The ground fish bite has been fantastic as of late, with Haddock being the king. Many boats are limiting out on their haddock, and catching many legal size cod as well. We are even seeing good numbers of large Cusk. Jigs fished with a teaser above them, either a soft plastic Hogy, or Tsunami squid, or Ron-Z are creating many double hook ups. Hi-Low rigs with a bank sinker and bait are also taking quite a few fish. So far this year, my best colors for teasers have been, White, Pink, and Chartreuse, and my bait of choice has been strips of clam. Jeffrey's Ledge has been the hot spot for me so far, but I am also getting good reports from Platts, and Tantas as well.

     It has been an exciting start to the season and I anticipate it only getting better. We have yet to see a push of good size fish in any numbers, but from the reports I am getting from Cape Cod, and the Merrimack, we should be seeing them any day now.

Captain Lou Tirado
Diamond Pass Outfitters

May 13th 2016
Good News!! Stripers were being caught in the Saco River Yesterday.  Thad Tibbetts was one of the first to send us a pic catching Schoolie Stripers.  since then, this morning along the Sandy Bottom in Saco, Fisherman were lined up along the shore line.. The past week Fisherman were at the Dam in The Saco River catching Shad with 1/4 oz shad darts...Along the Scarborough. Marsh and inlets in Wells we heard guys and girls fishing with rubber shad and White Bucktail jigs..  Worms are also being fished in the Spurwink but it was a slow start for one of our customers.  We are getting a supply of Milky Ribbon Worms in 6 oz containers.. It has taken our friend Andy to come up with a way to dig and preserve these worms so you can fish them on a trolling tube or put a bundle on a hook and fish the sandy bottoms. 
We had some customers go out and test their boats on a maiden voyage to Jefferies for ground fishing.  Rick Crosby reported plenty of market size haddock and was disappointed to release plenty of legal size cod. (not a legal catch till August 1st).  Still haddock, red fish and a couple of cusk filled the cooler to make it a successful fishing trip.  Clams and shrimp was the favorite bait.
 Fresh water look for Smallmouth and Largemouth bass being shallow not quite on their beds.  this weekend will be a good time to explore your favorite spots.

April Fishing Report 2016

Welcome back! The fishing season has returned two weeks early thanks to the Maine IF&W and Maine DMR. With the early arrival of spring this year, anglers would be wise to take the time to target some new species before the Striper Migration takes over our world. Early season Pike fishing will offer the saltwater aficionado a crash course into the sweet water game. Sea Run Brown trout are always a treat and with the warmer than usual temps it will make chasing them that more comfortable on the open marshes. Lastly, with the change in the ground fish regulations anglers are now able to target Haddock starting April 1st.

Early season Pike fishing can be one of the most exciting fisheries we have in this state. As the ice leaves, the Pike will move into the shallows and prepare to spawn. As this happens, they become quite aggressive, and willing to hit a myriad of offerings. Top water, walk the dog type lures induce explosive strikes, large soft plastics that are rigged weedless will allow you to get the bait into the shallow water that the fish live in. Large Slug-go’s or Hogy’s that are 5â€ï¿½ and larger will be your best bet. Spoons and jerk baits will round out the arsenal for anglers. At this time of year, the fishing is highly visual, you will be able to spot the Pike laying up in the shallows where it is warmest, look for fallen logs, or other structure that will give them an ambush site. Pike can be found in many areas, some of the more notable are Sabbatus Pond, Sebago Lake, the Belgrades, and the Androscoggin River.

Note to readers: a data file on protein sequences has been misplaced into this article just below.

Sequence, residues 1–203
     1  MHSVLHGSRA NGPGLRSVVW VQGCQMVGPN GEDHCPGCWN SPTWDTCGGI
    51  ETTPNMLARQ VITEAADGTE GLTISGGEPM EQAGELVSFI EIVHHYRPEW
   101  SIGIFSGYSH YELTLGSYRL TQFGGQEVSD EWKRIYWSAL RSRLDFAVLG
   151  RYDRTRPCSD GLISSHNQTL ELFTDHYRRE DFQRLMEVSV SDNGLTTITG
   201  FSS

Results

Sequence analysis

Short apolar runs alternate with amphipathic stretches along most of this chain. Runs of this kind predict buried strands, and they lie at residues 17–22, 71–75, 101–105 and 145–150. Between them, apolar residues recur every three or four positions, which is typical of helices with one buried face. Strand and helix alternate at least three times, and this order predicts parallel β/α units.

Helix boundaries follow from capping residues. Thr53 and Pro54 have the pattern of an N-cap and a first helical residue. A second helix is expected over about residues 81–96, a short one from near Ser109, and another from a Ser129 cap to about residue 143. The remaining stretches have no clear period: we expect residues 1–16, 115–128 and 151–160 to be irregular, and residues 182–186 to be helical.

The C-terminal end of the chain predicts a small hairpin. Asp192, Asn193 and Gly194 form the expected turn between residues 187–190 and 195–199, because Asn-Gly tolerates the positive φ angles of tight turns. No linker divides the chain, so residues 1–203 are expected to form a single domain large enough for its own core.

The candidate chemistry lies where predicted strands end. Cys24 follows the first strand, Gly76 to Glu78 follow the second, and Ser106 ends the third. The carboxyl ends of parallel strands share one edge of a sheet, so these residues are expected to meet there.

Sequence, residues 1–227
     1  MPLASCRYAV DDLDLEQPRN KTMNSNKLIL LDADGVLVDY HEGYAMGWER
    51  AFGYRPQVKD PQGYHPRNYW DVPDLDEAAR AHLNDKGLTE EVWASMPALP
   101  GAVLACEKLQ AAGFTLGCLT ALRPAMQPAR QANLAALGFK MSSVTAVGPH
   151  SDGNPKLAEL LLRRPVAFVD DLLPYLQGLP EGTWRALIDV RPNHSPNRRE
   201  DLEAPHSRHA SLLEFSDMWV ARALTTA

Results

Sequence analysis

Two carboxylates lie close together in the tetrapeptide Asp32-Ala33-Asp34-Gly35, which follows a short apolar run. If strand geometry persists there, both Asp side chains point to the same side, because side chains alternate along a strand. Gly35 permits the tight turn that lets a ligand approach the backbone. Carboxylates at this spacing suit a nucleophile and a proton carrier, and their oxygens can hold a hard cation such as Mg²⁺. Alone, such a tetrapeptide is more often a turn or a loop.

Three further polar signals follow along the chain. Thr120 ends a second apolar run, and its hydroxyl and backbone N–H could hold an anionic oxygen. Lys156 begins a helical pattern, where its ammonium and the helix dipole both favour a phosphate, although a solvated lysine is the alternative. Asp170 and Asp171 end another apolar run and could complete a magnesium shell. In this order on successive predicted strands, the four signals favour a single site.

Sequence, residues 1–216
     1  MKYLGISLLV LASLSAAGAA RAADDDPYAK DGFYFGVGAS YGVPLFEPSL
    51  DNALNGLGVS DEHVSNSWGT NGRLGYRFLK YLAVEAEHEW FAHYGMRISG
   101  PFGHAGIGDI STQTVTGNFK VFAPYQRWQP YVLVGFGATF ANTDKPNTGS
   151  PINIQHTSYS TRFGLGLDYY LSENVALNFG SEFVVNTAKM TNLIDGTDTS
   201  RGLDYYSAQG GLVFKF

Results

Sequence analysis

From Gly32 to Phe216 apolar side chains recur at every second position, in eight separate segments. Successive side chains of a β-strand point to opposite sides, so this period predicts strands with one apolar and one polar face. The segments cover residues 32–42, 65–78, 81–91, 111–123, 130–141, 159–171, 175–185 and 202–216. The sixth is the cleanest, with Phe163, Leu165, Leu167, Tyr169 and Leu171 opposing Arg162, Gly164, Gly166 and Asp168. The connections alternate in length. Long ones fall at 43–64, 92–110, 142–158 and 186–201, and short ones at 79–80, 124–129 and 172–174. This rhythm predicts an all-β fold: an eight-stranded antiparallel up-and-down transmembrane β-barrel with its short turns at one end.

Sea Run Brown trout are always a viable option for the angler who just has to get out into the marsh and fish the salt. Many of out marshes are stocked with these fish that range anywhere from 12â€ï¿½ to 30â€ï¿½ small spoons, and minnow style jerk baits are staples in the fishery. Soft plastics rigged on lead heads will also entice these fish as they work well to stir up the mud on the bottom. Small flies will also work well, Clousers, Deceivers, and shrimp patterns fished on an intermediate line will be most effective, you could also try scud patterns. Historically, I have had the best fishing in the Ogunquit area, and down around the Mousam. One nice thing about chasing the Sea Runs is the possibility of catching a hold over Striped Bass. Remember to work the tides and fish the seams.

With the new proposed regulations in ground fish and the early spring trends April could be prove one of the best months on record for the angler wishing to get offshore and target Haddock. The new law states that anglers can now retain 15 fish at 17â€ï¿½. Anglers will be able to retain Haddock year round with a short closure from March 1st to April 14th. Diamond jigs or any other style with a teaser above it will take more than it’s fair share of fish. Some of my favorite teasers are he classic bucktails, and the Tsunami Squid in 3â€ï¿½. I also like the Hogy Sand eels, and the small Ron-Z in either Pink, Pearl, or Green. As always, make sure to have a supply of live bait with you. Clams, squid, and Sand worms will be the ticket. Hit the usually ledges but but prepared to move around until you find the school.

April is shaping up to be an exciting month, and it is just the beginning! Have a great season everyone, stay tuned for more reports and how-to’s. Don’t forget to attend the show, on April 2nd, at the Clambake Restaurant.

July 16th 2015
Atlantic cod and the minimum size for haddock has been reduced to 17 inches with a bag limit of three fish per angler per day.

Pollock, haddock, redfish and hake are the mainstays for those targeting groundfish. Bait (shrimp, clams) and jigs coupled with a teaser are getting fish.